I enjoy amateur wildlife photography, and have always used crop camera bodies + long lenses, and usually shoot handheld. Obviously the main difficulty is that I need very fast shutter speeds to get sharp photos, especially of moving subjects. Equally obvious is that I have no control over the weather (aka lighting) or the wildlife. Lastly, as an amateur I just can't spend the kind of money needed for a prime lens, so for example right now my zoom is a Sigma 150-600 Sport, f5-f6.3.
All of this means when the light is bad and/or the wildlife is fast-moving, I often find myself increasing my ISO up into the thousands. I decided to get a full-frame camera as an alternative to switch to when the light isn't great. I thought that since the full-frame gathers more light, I wouldn't need as high an ISO to get the same shutter speed. This would mean less noise, and better shots in less light. But with a few tests so far, it seems like the full-frame requires similar settings. Maybe I'm missing something?
For example today I was taking pictures of a snowy owl. I started with my crop camera, and at 600mm / f8 / ISO 640 I was getting shutter speeds of about 1/5000. This was fine, it was sunny out but sometimes a cloud blocked the sun and the shutter speed dropped to about 1/2000, which is the minimum I like to go to for subjects that might move. I decided to switch to the full-frame and do some testing, and I found that in order to get the same shutter speed, I had to increase the ISO to exactly the same setting. Yes the lens and aperture setting were the same, but doesn't the full frame still get more light and therefore require less ISO? The full-frame body was shooting in full mode, not crop.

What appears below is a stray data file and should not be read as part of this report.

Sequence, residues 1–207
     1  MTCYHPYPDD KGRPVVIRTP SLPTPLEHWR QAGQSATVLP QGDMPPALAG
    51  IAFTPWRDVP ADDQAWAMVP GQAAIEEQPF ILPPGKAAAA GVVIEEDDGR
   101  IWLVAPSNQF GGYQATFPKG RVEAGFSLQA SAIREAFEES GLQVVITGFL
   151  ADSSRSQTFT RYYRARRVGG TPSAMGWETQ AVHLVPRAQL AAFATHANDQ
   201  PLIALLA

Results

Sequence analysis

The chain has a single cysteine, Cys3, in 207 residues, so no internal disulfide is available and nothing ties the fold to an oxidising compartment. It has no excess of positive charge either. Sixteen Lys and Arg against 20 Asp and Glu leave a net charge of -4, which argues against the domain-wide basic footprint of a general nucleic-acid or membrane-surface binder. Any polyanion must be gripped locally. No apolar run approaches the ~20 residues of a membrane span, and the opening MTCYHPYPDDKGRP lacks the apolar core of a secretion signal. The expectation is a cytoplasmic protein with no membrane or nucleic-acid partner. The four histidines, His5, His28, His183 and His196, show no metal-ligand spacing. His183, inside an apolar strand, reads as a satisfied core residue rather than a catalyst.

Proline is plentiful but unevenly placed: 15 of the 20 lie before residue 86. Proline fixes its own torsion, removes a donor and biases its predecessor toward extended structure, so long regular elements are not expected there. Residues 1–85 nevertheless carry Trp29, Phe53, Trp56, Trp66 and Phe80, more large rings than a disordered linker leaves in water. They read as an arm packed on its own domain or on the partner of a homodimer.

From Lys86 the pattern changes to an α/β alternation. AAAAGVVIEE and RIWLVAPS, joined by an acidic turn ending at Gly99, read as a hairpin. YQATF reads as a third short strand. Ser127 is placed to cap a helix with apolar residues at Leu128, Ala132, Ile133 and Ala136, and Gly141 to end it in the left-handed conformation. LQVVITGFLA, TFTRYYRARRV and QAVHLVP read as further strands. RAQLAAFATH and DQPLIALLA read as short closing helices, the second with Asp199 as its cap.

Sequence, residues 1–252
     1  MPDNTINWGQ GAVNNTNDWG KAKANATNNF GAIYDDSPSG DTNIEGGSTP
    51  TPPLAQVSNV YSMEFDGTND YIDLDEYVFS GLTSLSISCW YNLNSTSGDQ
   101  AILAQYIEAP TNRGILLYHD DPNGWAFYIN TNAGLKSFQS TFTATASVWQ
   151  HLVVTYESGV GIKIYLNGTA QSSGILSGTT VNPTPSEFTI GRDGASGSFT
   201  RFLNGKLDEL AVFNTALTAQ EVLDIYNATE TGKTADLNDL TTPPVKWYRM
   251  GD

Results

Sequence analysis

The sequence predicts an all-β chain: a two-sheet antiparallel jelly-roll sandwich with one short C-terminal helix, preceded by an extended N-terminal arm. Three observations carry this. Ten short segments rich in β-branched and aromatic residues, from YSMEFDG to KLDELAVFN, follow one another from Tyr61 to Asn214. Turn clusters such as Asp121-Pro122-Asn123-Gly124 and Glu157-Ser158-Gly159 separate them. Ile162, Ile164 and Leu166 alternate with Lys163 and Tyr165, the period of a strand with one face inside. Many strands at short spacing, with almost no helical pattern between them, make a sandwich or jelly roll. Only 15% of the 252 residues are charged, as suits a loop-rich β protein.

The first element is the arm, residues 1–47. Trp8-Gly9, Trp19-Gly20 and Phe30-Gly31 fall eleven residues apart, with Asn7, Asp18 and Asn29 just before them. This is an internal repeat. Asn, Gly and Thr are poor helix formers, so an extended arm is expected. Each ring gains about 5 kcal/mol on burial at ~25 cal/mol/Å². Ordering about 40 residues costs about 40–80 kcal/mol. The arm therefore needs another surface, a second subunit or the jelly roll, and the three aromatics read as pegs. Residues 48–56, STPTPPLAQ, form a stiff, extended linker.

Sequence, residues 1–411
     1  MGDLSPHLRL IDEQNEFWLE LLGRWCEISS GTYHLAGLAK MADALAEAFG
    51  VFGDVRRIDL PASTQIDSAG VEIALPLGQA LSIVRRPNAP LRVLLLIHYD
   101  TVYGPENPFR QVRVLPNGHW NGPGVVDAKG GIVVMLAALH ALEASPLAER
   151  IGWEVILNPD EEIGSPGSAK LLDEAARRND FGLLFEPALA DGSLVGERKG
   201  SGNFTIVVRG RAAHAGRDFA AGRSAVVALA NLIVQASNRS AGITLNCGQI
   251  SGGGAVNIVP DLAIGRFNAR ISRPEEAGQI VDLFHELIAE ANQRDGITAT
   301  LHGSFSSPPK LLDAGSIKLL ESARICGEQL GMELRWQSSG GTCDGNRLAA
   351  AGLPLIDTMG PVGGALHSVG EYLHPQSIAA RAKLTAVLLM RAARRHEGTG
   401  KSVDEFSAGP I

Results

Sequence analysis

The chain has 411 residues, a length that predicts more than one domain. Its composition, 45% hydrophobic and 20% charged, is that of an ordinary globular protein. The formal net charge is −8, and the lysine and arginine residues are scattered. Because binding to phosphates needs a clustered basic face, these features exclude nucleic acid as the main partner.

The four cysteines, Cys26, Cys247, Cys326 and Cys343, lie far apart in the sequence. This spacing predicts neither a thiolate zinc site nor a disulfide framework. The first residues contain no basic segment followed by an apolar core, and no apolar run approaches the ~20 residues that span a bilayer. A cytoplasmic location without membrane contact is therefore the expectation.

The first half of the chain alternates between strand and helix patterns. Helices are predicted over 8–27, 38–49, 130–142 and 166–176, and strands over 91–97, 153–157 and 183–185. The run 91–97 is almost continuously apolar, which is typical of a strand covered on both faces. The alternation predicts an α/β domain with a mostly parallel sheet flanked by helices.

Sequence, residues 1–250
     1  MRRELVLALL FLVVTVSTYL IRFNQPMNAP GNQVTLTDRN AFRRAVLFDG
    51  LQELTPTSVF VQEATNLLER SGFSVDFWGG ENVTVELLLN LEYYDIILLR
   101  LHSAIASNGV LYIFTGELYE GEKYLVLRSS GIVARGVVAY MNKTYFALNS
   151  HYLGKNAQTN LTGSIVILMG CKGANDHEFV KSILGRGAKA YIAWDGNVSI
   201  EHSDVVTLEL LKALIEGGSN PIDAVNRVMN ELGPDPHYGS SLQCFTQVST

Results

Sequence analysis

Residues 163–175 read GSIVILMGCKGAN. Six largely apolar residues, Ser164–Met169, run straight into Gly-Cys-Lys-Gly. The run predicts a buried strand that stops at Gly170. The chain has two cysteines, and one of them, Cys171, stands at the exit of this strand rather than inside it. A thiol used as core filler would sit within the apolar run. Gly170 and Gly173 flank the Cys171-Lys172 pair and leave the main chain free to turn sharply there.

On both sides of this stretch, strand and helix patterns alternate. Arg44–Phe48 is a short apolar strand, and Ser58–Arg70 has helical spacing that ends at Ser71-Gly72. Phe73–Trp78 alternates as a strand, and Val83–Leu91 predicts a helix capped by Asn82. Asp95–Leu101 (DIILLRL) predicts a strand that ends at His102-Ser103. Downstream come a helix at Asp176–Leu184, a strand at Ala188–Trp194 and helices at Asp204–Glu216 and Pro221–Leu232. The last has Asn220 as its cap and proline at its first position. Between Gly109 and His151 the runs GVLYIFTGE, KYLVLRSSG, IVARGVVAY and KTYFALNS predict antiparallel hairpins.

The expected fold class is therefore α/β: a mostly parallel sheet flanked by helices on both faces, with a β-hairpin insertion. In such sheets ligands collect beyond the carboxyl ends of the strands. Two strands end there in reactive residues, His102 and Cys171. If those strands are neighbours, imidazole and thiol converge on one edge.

Here is the specific gear list, thanks so much for any advice!
- crop: Nikon D500
- full frame: Nikon Z 6
- lens: Sigma 150-600mm F5-6.3 DG OS HSM Sport
Edit: after posting this I took another look at two if the images for comparison. One difference I noticed immediately is that the full frame image has significantly less noise even though the ISO is the same. That's great, but I still need fast shutter speeds for moving subjects. Do full frames not require as fast a shutter speed to avoid motion blur / handheld-shake etc? In this case maybe I could safely lower the ISO and take shots at something like 1/1000?